Nurse Residency Program
Supporting professional growth and advancement of newly graduated registered nurses
St. Mary’s Hospital in beautiful Grand Junction, Colorado, is committed to supporting your professional growth and advancement as a newly graduated registered nurse. We are the only Level 2 Trauma Center between Denver, Colorado, and Salt Lake City, Utah. Our hospital’s Nurse Residency Program provides the tools and experiences you’ll need as you transition from your school studies into real-life nursing environments.
As a requirement for all newly graduated registered nurses employed at St. Mary’s Hospital, the ultimate goal of our program is to help you provide safe and effective patient care. We focus on the development of critical thinking skills which will enable you to provide care with confidence, and that means better patient outcomes.
Our Nurse Residency Program was developed by nursing experts from major academic medical centers and schools of nursing from across the nation as part of the nationally recognized University HealthSystem Consortium (UHC). The curriculum is evidence-based and backed by published research. At St. Mary’s Hospital we understand the needs of a new graduate RN as you integrate into the nursing profession.
What is a Nurse Residency Program?
It’s a paid, one-year program that provides recent RN graduates the opportunity for professional growth as they transition from a student into their first patient-care role as a registered nurse.
What is the program based on?
The program is based on Patricia Benner’s, PhD, RN, novice-to-expert nursing model:
- Novice (student nurse)
- Advanced beginner (new to RN role)
- Competent (end of program goal)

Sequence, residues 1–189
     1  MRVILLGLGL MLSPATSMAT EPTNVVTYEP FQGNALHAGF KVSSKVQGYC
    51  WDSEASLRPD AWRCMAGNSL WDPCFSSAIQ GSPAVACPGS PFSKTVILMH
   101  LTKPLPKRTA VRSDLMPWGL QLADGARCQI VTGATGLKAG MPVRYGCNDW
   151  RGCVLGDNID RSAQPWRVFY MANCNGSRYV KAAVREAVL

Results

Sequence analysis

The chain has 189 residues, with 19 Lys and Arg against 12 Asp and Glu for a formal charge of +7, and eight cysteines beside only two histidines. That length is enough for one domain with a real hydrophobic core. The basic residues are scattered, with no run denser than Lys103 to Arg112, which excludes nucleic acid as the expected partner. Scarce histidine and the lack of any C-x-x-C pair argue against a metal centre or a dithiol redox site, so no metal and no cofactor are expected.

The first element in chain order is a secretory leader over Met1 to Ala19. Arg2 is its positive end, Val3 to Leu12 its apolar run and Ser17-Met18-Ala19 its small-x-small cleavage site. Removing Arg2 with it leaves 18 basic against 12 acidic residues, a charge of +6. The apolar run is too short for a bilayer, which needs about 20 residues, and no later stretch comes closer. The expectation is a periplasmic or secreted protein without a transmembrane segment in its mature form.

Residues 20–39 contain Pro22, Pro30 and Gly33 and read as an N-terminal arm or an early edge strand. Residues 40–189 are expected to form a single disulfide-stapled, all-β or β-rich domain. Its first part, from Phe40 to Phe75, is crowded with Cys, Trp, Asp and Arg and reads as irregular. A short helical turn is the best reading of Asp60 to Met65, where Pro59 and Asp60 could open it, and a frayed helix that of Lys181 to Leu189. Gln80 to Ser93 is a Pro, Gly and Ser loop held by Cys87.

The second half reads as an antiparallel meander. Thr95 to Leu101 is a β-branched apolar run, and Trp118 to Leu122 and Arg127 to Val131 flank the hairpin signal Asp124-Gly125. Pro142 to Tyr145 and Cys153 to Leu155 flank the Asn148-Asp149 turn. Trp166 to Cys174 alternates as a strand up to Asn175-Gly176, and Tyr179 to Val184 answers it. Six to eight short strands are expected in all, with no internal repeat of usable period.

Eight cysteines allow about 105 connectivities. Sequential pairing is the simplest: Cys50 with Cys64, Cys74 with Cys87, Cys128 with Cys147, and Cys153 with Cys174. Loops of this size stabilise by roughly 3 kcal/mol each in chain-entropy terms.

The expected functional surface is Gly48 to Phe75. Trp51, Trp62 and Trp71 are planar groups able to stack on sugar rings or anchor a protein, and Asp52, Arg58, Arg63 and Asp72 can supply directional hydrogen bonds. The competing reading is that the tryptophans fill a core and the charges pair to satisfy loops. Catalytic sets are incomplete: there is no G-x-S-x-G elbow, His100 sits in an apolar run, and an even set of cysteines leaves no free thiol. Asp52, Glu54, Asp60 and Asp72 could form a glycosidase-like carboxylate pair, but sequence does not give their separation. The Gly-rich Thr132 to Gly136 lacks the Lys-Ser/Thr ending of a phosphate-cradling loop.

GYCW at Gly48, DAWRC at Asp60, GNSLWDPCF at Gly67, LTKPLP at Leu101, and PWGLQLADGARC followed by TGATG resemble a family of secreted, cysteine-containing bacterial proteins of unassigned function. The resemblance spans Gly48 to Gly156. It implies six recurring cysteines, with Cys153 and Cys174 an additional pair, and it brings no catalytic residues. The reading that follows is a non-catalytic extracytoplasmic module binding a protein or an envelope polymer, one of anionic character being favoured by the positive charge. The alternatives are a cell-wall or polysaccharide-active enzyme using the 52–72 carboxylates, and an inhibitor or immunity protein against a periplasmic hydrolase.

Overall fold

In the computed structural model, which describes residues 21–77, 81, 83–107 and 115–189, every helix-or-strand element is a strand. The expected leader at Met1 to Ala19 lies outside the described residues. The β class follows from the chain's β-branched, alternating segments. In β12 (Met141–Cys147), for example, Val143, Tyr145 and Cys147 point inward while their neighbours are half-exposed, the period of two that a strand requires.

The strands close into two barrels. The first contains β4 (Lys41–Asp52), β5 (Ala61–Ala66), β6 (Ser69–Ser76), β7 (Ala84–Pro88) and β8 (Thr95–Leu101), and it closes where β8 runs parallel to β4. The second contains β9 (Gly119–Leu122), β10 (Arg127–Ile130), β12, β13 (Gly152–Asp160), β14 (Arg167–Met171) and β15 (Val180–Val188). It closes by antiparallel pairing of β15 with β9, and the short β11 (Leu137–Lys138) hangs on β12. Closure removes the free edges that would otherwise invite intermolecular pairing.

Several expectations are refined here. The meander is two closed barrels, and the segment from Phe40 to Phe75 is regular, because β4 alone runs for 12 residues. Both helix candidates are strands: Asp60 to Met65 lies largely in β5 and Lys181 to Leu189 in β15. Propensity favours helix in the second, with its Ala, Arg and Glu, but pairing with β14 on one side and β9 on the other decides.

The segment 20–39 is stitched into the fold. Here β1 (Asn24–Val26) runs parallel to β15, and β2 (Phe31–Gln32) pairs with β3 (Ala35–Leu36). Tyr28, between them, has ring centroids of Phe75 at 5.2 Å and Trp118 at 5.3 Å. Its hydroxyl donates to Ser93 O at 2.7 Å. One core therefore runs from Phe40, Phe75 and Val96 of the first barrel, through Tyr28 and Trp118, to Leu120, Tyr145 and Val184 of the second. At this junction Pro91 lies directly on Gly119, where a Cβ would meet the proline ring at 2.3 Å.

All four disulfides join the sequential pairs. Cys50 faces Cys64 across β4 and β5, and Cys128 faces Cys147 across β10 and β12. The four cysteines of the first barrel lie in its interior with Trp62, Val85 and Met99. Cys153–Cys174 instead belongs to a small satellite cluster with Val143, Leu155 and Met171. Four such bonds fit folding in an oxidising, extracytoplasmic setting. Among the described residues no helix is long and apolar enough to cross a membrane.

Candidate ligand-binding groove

- Proficient (after 2-5 years in specialty)
- Expert (after 5+ years in specialty)
Who is the program designed for?
- All new graduate BSN’s, associate RN’s, and MSN’s (no prior nursing degree)
- LPN to RN
Nurse Residency Program requirements:
- Employed at St. Mary’s Hospital
- Graduate of an accredited associate RN, BSN, or MSN program within the previous six to twelve months.
- RN licensure or a work permit pending licensure.
- Commitment to the one-year residency program.
- Develop and utilize mentor relationships to support professional development.
- Provide and evaluate care incorporating evidence-based practice, research, and quality data.
- Complete evaluations of the program and provide feedback.
Expert registered nurses facilitate the program with an emphasis on:
- Critical thinking skills
- Leadership abilities
- Team communication
- Effective pain management
- Evidence-based practice
- Patient safety
- Simulation lab experience including mock code and assessment skills
- Professional career development
When do sessions begin?
- February, July, and October
After you have been hired onto a unit at St. Mary’s Hospital, you will receive a welcome letter notifying you when your 12-month residency will begin.
Chief Nursing Officer
Shelley Peterson, MS, RN, vice president of Patient Services and chief nursing officer, leads the nursing team at St. Mary’s Hospital and Regional Medical Center. Peterson has nearly three decades of nursing and executive leadership experience from top care sites around the country. She’s been the chief nursing officer at St. Mary’s since 2012.
“At the heart of St. Mary’s excellence are some of the best and brightest nurses in our region. We are seeing an increase in the number of new nurses joining our team after refining their skills through a series of learning and working experiences offered by our Nurse Residency Program,” explains Peterson.
Statistics have shown that hospitals without Nurse Residency Programs can see as high as a 35 to 50 percent turnover rate in the first year of practice (Williams et al., 2007; Goode & Williams, 2004…as cited in Goode et al., 2009). The first-year new graduate turnover rate at St. Mary’s Hospital is only 13.9 percent. “We attribute our exceptional success rate to the extra layer of support we provide to our new RN graduates. We offer guidance every step of the way, providing the extra preparation needed to advance our recent graduates from a novice to an expert clinical nursing professional,” says Peterson.